Station established by the Institution in 1861 as a condition of a gift from the Misses Browne of Toxteth Park, Liverpool, in memory of their sister who died in 1860. The three sisters had been regular visitors to the town for many years.
The first coxswain, Hugh Jones, was a copper miner and it was the duty of his daughter, in the event of a service call, to rush to the top of the shaft, halfway up the Great Orme, and signal her father. Her method was to rap with a stone in a certain manner and up the shaft Hugh Jones would come and dash for the shore.
Lifeboat capsized whilst on service without loss of life.
Bell and flagpole used to summon crew.
Lifeboat capsized without loss of life whilst returning from a rescue of four men from the sailing boat Mira. The lifeboat, whilst under sail, was struck by a very violent and sudden squall.
Alarm bell was rung as a practical joke. A summons was issued and the gentleman concerned was fined £2 10 0d.
Second Coxswain Edward Jones died as a result of a cold thought to have been caught after the launch of the new lifeboat on 3 December.
Robert Williams, a helper, fell whilst running alongside the lifeboat on 7 November, and one of the wheels of the carriage passed over him and he was killed. Committee of Management voted £100 to local fund.
Arthur Whalley, a helper, fell under the carriage wheels whilst lifeboat was being taken out on service on 8 August 1892 and was killed. Committee of Management voted £100 to local fund.
Station to be known in future as Llandudno instead of Ormes Head as at present.
Launching poles supplied.
Owing to high charges, used of horses was discontinued and more helpers were employed.
New lifeboat house constructed at a cost of £1,300.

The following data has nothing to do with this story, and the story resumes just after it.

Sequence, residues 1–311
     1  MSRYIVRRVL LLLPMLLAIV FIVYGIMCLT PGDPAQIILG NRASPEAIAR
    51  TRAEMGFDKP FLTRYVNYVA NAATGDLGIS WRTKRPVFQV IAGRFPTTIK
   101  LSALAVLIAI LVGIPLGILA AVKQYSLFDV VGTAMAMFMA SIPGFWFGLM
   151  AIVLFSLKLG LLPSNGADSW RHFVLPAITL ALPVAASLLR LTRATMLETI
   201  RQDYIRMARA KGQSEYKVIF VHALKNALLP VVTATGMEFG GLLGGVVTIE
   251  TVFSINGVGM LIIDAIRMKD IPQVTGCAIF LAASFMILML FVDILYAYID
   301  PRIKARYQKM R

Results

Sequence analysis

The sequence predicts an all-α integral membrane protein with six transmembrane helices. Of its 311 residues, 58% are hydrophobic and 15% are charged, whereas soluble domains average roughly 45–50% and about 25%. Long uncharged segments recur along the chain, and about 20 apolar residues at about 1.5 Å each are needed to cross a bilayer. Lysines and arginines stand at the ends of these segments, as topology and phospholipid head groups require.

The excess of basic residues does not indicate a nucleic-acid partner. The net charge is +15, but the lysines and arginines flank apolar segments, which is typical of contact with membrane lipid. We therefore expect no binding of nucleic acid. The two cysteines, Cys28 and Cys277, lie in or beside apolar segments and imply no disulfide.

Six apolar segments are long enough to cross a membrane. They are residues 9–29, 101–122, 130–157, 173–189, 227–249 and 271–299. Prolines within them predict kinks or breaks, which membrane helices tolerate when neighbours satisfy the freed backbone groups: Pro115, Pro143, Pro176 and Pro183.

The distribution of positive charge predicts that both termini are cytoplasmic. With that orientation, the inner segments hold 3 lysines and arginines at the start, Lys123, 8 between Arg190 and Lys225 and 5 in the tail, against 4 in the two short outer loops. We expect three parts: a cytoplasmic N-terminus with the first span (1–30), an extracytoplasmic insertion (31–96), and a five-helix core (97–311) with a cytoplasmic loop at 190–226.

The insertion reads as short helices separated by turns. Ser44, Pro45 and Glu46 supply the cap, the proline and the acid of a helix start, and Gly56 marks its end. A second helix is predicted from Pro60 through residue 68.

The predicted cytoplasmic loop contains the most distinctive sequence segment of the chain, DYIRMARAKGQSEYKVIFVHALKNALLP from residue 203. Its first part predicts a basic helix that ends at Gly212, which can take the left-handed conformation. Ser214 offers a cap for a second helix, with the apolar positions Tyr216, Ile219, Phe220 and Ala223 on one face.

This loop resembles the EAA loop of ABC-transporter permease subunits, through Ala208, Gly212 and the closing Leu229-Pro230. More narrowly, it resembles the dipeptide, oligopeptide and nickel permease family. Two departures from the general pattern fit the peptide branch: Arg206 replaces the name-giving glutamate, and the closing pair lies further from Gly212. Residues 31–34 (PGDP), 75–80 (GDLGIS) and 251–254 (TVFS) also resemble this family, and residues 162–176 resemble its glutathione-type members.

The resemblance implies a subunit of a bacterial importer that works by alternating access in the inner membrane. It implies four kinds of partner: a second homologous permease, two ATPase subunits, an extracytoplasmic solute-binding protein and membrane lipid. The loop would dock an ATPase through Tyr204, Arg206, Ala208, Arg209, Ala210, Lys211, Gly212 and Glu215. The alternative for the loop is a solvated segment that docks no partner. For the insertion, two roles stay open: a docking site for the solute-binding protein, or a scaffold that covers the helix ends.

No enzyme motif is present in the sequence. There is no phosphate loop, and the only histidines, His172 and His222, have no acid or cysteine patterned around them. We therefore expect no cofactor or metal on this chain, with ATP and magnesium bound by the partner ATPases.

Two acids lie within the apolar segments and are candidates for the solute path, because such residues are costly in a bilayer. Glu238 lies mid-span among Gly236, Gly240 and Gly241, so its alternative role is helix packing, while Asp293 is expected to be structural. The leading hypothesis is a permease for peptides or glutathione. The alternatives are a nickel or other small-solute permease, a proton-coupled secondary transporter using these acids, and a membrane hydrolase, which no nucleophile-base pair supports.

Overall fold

The death of John Williams was attributed to severe exposure on service on 22 February. Committee of Management voted £100 to dependants.
Bronze Medal awarded to Coxswain John Owen for the rescue of two people from the schooner Ada Mary of Liverpool on 27 March 1919. The service was carried out in a north-westerly gale with a very heavy sea which, after burying the lifeboat three times before reaching the wreck, compelled the lifeboat to put into Colwyn Bay where the men were landed and the lifeboat drawn up.
On 1 June HM Submarine Thetis dived whilst on trials in Liverpool Bay. Llandudno lifeboat took out a doctor to the destroyer Somali. Ninety-nine lives were lost in this submarine disaster – four escaped by means of the Davis apparatus.
A anniversary Centenary Vellum awarded.
A D Class lifeboat sent to station in May.
The Thanks of the Institution inscribed on Vellum accorded to Helmsman Robert Jones in recognition of his courage, determination and seamanship when the inshore lifeboat rescued a member of the crew of a sailing dinghy which went on the rocks at Little Orme, Llandudno Bay, in a fresh north easterly wind and a very rough sea on 27 April.
A special framed certificate was presented to the station in recognition of the services carried out by them under extremely difficult circumstances between 26 February and 1 March when, during hurricane force north westerly winds and very high tides, the area of Towyn and Pensarn suffered severe flooding. Llandudno lifeboatmen strove tirelessly for up to 16 hours each day and succeeded in helping over two hundred people to safety.
Alterations were made to the boathouse to accommodate the new Mersey class lifeboat. This included the installation of new steel concertina type main doors, a new boarding/viewing platform and a new 600 gallon fuel storage tank.
D class lifeboat D508 was placed on service on 2 October.
A Framed Letter of Thanks signed by the Chairman of the Institution was awarded to Craig Roberts, duty officer at the Marina office at Conwy in recognition of his vigilance, initiative and prompt action when on 13 June he launched the marina’s dory after he heard cries for help emanating from outside the marina basin. On finding the direction of the shouts for help he found two people in the water, an exhausted woman was clinging to the stern ladder of a yacht and a man was holding onto an inflatable dinghy. He hauled both people on board and took them back to the marina.
The Trustees of the RNLI at their meeting on 3 November confirmed an anniversary Vellum to acknowledge the completion of 150 years service as a lifeboat station for 2011.
One Bronze medal awarded in 1919.